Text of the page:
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DAISY - DAISY Compilation Principles

The DAISY scheduling algorithm does not re-order writes to resources architected in the original machine, even though it does aggressive speculative code motions. For PowerPC this means that general purpose registers r0-r31, floating point registers fp0-fp31, condition code registers cr0-cr7, special purpose registers and memory are written in the original program order. In order memory updates means that STORE instructions are executed in order. This feature serves to maintain precise exceptions.

The VLIW machine has additional registers which it uses to perform speculative execution. Results of speculatively performed operations are placed in the additional registers and then copied, in order, to registers architected in the original machine. In a machine with sufficient resources, speculatively scheduling operations as early as data dependences allow can achieve maximum parallelism on each path, regardless of the path taken.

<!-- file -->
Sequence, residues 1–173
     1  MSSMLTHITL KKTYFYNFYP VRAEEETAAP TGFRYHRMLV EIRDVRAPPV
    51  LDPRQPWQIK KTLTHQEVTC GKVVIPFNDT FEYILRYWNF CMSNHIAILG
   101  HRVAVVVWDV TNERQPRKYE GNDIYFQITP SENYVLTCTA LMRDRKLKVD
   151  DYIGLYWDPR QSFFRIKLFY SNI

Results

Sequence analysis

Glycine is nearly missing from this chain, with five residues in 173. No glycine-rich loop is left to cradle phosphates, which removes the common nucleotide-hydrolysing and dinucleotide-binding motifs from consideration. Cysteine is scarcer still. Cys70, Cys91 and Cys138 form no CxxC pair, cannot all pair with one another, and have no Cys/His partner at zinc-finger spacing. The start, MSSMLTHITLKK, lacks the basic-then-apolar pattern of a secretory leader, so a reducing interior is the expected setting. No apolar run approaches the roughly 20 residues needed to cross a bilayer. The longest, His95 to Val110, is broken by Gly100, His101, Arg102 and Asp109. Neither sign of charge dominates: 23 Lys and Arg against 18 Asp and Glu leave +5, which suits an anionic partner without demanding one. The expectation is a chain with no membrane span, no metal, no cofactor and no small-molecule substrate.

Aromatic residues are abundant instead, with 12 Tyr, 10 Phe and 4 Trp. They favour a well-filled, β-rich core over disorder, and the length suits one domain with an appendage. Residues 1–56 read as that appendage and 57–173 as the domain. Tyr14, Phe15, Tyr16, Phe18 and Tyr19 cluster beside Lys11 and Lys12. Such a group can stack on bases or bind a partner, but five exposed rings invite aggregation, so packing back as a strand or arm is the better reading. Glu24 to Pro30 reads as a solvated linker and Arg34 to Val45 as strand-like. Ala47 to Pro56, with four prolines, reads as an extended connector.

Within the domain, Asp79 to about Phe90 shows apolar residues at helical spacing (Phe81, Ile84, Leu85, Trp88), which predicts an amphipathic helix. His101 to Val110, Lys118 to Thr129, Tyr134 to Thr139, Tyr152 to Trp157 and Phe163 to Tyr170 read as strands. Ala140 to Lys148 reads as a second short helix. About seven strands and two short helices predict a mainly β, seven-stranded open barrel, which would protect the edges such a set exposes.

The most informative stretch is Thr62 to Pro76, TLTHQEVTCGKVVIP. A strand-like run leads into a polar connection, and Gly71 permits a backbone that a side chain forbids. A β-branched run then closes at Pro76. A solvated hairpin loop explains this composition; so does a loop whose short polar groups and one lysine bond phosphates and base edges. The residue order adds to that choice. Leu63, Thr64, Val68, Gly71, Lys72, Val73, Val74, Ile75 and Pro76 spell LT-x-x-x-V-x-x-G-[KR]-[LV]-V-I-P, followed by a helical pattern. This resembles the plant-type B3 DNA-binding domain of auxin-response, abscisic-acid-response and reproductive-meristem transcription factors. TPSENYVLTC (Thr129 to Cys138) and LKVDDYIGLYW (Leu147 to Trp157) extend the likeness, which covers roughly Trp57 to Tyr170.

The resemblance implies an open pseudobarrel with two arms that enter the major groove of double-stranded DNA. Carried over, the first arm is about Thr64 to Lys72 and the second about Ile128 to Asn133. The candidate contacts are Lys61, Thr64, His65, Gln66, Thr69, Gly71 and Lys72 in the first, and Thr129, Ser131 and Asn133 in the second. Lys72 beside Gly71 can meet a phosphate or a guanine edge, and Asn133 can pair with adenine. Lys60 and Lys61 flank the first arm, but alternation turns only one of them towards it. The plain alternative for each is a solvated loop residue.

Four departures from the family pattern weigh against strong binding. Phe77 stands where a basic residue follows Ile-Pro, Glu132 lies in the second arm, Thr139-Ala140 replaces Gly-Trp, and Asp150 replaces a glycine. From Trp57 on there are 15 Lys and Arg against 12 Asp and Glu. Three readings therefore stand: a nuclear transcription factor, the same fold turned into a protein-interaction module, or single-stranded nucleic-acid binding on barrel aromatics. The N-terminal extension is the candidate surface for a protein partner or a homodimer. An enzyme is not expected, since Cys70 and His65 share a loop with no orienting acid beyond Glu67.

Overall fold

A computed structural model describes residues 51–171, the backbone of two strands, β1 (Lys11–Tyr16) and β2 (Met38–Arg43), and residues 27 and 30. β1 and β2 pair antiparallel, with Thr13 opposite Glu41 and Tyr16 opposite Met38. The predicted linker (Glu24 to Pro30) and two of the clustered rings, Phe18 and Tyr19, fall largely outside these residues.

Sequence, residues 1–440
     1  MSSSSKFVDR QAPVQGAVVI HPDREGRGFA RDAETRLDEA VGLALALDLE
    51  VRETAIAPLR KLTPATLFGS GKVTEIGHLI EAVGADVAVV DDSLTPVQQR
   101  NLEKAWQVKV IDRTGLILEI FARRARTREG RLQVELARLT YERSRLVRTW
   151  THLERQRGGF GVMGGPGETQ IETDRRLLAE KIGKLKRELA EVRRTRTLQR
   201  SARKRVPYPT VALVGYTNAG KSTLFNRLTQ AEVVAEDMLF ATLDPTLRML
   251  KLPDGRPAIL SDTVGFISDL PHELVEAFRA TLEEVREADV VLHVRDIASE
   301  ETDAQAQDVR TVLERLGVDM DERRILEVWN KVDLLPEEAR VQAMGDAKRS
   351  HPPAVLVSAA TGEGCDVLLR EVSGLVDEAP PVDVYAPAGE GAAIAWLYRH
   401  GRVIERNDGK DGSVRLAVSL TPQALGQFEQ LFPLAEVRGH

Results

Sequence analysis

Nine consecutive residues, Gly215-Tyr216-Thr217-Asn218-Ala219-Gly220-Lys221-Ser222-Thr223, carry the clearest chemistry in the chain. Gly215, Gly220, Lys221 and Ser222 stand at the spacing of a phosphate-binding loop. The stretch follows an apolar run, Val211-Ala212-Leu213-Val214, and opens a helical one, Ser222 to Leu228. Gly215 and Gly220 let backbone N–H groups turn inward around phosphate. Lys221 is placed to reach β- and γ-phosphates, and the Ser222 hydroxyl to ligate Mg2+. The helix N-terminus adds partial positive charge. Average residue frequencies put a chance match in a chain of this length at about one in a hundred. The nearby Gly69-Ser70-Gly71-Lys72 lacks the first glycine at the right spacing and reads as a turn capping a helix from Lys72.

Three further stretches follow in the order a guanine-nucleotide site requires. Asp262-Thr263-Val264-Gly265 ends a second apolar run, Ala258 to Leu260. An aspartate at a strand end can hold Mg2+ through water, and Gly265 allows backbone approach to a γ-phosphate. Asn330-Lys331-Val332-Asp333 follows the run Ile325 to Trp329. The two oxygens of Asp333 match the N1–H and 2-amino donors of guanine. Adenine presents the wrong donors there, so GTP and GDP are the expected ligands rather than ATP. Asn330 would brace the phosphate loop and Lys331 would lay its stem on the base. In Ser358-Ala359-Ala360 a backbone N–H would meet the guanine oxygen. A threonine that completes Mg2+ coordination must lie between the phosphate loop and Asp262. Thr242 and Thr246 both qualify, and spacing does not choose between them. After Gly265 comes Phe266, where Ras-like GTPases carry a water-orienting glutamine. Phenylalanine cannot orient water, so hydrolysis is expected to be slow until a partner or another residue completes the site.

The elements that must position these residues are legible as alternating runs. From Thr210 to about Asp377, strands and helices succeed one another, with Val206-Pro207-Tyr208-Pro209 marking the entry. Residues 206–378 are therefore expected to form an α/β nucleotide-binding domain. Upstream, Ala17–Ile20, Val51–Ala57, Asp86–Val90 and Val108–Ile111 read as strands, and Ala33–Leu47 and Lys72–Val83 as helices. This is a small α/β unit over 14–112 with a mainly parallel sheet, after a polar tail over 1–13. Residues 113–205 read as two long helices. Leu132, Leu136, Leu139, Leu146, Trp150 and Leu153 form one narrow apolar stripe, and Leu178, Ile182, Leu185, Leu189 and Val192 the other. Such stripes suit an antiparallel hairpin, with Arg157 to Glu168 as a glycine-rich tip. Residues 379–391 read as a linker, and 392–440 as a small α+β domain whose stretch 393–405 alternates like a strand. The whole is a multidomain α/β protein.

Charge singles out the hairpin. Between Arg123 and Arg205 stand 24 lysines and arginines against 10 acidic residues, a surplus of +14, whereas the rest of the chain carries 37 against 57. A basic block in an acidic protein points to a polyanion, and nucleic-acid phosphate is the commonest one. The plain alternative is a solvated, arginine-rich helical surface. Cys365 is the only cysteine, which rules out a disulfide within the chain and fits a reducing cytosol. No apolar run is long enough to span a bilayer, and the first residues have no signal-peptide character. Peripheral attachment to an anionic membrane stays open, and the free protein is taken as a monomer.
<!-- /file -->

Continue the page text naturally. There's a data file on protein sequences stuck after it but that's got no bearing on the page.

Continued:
The scheduling algorithm scans linearly through PowerPC ops until a natural stopping point is reached, such as an unconditional branch that goes beyond the boundaries of the code fragment being examined. Conditional branches place their two target addresses (fall-through and taken) in a list of continuations. Whenever the algorithm comes to a natural stopping point on the current path, it looks for the next highest priority continuation, and resumes scheduling that path. This continues until the continuation list is empty. At this point the translated code may be jumped to and executed.

An interactive example illustrates the point. In this example, the fall-through paths of each conditional branch are scheduled first (assuming the fall-through path has higher priority), followed by the two branch targets. The code fragment size is assumed to be one page, so when an offpage reference is encountered, translation stops.